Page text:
Internet Safety Day – how to make sure your kids are safe online

Today is Internet Safety Day, which for many parents who are stumped at the pace at which technology is advancing couldn’t have come at a better time. Recent research into Internet use by teenagers conducted for GFI Software by OpinionMatters revealed that 1 in 3 parents do not know if Internet safety tips are being taught to their children. With 31% of teens admitting they have shared information with an acquaintance online that they would not have said face-to-face, it’s not surprising that half also admit to lying about their age in order to gain access to adult sites. The problem for most parents is not just the fear of what they know the Internet can bring, but also the fear that they don’t actually know what they don’t know. So it’s great that The Safer Internet Day message for families is to start educating each other about safety online life. You may scoff at that but getting your child to show you how to use a smartphone/computer and what it’s capable of is an ideal way to (1) see what they’re doing and (2) realize what they can do online. So if you’re someone who has no idea about social media, Facebook, Skype and the power of a Smartphone it’s time to ask. If you’re worried about going in cold here’s a few tips to bear in mind:

1. Internet safety goes beyond the PC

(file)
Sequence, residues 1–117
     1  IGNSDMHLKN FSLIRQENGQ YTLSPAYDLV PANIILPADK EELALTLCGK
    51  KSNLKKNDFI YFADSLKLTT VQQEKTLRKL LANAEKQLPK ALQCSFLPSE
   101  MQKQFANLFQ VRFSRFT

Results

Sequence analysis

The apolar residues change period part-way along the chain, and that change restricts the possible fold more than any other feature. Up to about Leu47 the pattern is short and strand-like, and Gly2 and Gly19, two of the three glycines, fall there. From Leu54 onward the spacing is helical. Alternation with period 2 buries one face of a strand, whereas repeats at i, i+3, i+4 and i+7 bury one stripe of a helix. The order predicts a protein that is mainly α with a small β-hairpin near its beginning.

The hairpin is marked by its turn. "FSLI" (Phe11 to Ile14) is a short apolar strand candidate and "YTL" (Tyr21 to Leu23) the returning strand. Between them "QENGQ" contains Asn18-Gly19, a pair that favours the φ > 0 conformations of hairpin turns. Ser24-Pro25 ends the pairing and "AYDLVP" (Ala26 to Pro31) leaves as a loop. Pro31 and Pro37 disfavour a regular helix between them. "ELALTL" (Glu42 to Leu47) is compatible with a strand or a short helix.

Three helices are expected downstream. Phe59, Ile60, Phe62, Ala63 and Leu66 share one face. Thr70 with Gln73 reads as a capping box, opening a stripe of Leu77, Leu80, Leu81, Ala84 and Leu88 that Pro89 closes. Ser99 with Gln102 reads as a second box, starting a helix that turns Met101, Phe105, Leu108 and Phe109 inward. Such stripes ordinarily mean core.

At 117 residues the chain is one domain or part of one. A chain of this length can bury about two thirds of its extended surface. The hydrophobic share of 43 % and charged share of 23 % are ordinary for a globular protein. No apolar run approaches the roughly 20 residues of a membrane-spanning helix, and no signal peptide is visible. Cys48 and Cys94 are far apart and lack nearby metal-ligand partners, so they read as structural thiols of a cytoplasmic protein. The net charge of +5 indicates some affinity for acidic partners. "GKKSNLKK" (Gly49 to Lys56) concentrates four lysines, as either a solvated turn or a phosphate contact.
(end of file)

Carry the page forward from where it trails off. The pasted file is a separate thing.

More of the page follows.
Internet access is not confined to PCs. Gaming services on consoles and Smartphones also provide a means for strangers to engage your kids via chat and IM within popular games. One reason why it helps to ensure parental controls are activated on all these services so that you can prevent, or at least check, who is contacting your kids.

2. Your view of an online stranger is different to your kid’s view

While most kids/teens know the mantra never post anything personal online to strangers, their view of who a ‘stranger’ is, is different to yours. My friend’s 13 year-old doesn’t think any of the 200 ‘friends’ who have connected to her on Facebook are strangers, even though she’s never met half of them.

3. Parental controls are your best friend

While you can’t safeguard against everything it does pay to have parental controls and not just at home. Smartphone-monitoring software like Phone Sheriff is compatible with the most popular smartphones – Android, iPhone, and BlackBerry – and allows administrators to record user activities (including SMS text messages and calls) as well as track location. It also allows you to block certain websites and applications.

4. Ask if you’re worried

There’s nothing most teens like better than being asked to show how a phone or app or browser works, which gives you a great opportunity to learn at the hands of an expert. If, however yours is of the mute variety ask a tech friendly parent or better still google it or ask us. Knowledge is after all power. So what worries you about Internet safety and how do you protect your kids. Let me know.